Reproduced Fingerprints from an Inkjet Printer
What if the conviction of a criminal is in jeopardy because a phone protected by fingerprint biometrics can’t get unlocked? It was a scenario like that, which made researchers from Michigan State University (MSU) develop a technique to recreate fingerprints using a common inkjet printer.
By 2020 1.6 billion devices with fingerprint sensors will be used worldwide. But what if the conviction of a criminal is in jeopardy because a phone protected by fingerprint biometrics can’t get unlocked? It was a scenario like that, which made researchers from Michigan State University (MSU) develop a technique to recreate fingerprints using a common inkjet printer.
It all started when MSU Police Department Detective Andrew Rathbun was contacted by Lansing Police Department, asking him to help unlock a murder victim’s phone. They were hoping to find clues on the murderer’s identity on it. As the corpse had already reached a high level of decay they couldn’t use the real fingerprints. Rathbun knew of no other way to bypass the fingerprint security. So, when he became aware of relevant research projects at MSU, he immediately asked Professor Anil Jain and his team for support.
Fingerprints on photo paper
First, the scientists reproduced the entire finger in a 3D printer. It was a happy coincidence that the police had taken the murder victim’s original 2D fingerprints previously. Second, the scientists turned the “template” into a three-dimensional model. Next, they printed a coating out of soft plastic and conductive material that has properties similar to human skin. To unlock the phone a policeman had to cover his own finger with this artificial fingertip.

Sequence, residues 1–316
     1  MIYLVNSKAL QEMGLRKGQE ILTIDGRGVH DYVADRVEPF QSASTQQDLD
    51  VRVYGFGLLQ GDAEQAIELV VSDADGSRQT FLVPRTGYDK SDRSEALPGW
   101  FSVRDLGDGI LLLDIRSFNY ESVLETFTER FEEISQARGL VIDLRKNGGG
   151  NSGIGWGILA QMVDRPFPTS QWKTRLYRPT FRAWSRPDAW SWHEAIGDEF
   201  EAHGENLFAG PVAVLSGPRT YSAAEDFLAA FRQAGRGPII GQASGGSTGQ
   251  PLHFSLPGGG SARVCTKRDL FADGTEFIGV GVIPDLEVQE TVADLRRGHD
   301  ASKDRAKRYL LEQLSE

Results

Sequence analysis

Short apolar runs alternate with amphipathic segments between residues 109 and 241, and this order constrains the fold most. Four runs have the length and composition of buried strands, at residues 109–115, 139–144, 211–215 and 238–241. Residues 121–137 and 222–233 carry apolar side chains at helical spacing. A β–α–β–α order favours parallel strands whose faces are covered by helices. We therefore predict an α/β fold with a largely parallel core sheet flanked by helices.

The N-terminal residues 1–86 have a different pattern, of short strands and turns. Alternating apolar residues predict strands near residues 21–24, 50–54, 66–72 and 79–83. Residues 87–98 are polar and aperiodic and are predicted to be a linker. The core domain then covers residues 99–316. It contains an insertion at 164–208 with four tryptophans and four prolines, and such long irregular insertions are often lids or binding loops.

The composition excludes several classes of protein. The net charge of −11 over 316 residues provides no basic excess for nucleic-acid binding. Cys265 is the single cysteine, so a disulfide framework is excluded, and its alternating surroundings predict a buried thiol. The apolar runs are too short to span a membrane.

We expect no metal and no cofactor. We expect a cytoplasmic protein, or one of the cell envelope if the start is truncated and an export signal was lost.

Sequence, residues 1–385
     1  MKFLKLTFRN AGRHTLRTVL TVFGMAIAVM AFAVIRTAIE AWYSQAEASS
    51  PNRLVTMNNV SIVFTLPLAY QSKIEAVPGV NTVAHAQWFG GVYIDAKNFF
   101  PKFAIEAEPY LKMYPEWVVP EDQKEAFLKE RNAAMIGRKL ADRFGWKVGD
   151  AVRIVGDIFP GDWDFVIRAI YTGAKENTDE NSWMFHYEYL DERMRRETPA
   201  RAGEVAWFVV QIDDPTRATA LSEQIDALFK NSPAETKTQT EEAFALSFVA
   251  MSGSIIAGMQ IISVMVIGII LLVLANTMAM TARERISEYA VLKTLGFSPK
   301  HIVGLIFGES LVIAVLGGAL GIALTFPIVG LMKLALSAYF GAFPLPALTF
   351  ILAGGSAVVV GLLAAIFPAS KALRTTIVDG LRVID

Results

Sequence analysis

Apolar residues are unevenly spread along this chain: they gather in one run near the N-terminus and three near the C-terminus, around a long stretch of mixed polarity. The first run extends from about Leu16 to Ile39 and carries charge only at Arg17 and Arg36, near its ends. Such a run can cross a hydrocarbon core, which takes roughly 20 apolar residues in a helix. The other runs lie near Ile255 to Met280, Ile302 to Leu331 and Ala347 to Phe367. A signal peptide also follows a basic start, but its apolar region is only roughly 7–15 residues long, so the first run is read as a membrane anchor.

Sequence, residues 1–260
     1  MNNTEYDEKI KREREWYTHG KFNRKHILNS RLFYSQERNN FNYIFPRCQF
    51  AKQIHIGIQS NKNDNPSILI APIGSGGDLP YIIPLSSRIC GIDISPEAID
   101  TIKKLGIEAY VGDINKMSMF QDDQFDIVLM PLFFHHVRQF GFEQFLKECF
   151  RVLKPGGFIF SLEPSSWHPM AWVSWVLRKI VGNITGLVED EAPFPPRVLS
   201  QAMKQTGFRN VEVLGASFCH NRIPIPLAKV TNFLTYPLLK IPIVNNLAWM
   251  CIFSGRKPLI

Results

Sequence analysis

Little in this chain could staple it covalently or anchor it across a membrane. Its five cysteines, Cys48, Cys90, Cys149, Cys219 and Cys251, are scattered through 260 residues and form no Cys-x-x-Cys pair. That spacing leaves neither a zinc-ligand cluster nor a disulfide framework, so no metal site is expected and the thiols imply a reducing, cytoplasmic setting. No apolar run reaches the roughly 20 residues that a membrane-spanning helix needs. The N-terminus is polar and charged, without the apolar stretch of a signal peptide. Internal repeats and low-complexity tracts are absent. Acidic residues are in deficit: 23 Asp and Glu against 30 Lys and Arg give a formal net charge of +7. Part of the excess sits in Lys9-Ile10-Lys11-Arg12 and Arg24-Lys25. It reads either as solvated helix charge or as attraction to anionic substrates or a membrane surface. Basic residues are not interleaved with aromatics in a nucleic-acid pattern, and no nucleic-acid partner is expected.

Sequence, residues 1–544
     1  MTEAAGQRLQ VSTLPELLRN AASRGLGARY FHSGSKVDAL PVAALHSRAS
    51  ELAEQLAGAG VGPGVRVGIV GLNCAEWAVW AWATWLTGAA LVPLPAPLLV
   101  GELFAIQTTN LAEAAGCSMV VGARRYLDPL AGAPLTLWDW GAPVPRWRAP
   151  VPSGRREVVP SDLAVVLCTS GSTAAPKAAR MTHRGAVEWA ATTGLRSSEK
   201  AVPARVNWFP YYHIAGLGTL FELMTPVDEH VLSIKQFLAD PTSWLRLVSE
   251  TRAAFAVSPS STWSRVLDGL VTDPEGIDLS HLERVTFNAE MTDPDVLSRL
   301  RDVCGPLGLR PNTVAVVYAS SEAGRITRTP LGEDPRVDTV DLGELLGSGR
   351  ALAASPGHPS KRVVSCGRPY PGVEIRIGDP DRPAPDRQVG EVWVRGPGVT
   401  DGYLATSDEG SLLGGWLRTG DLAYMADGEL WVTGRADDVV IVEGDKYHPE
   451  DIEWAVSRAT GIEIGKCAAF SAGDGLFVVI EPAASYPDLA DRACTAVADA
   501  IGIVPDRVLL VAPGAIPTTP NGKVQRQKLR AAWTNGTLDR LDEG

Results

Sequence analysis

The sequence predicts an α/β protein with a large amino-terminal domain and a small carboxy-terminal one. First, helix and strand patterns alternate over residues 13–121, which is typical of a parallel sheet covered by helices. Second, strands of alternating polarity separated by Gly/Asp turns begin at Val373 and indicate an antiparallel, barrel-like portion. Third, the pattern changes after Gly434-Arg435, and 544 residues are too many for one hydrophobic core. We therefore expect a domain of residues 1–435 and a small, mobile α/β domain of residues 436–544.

But while still working on this, they found out that there was a simpler way to unlock the phone. The team just scanned the existing fingerprints and improved them with special image software. Then a Brother inkjet MFC-J5910DW printed the fingerprints with conductive silver ink from the Japanese manufacturer AgIC onto photo paper. Finally, they held it over the fingerprint reader and the phone unlocked.
Faking fingerprints at home?
Even though this example shows how to use this new technology for a good cause, it could also be used for fraudulent activities. After all, this method is not only cheaper than recreating fingerprints by a 3D printer, but also much faster. The whole process can be done in well under 15 minutes. So faking fingerprints comes within reach for criminals. Fortunately the risks for average users are very small because fraudsters would need a perfect, high-resolution scan of the fingerprint and special equipment to unlock the phone.
Nevertheless “[t]his experiment further confirms the urgent need for anti-spoofing techniques for fingerprint recognition systems, especially for mobile devices which are being increasingly used for unlocking the phone and for payment,” as Jain states.
What do you think? Do the negative consequences of recreating fingerprints from an inkjet exceed the benefits?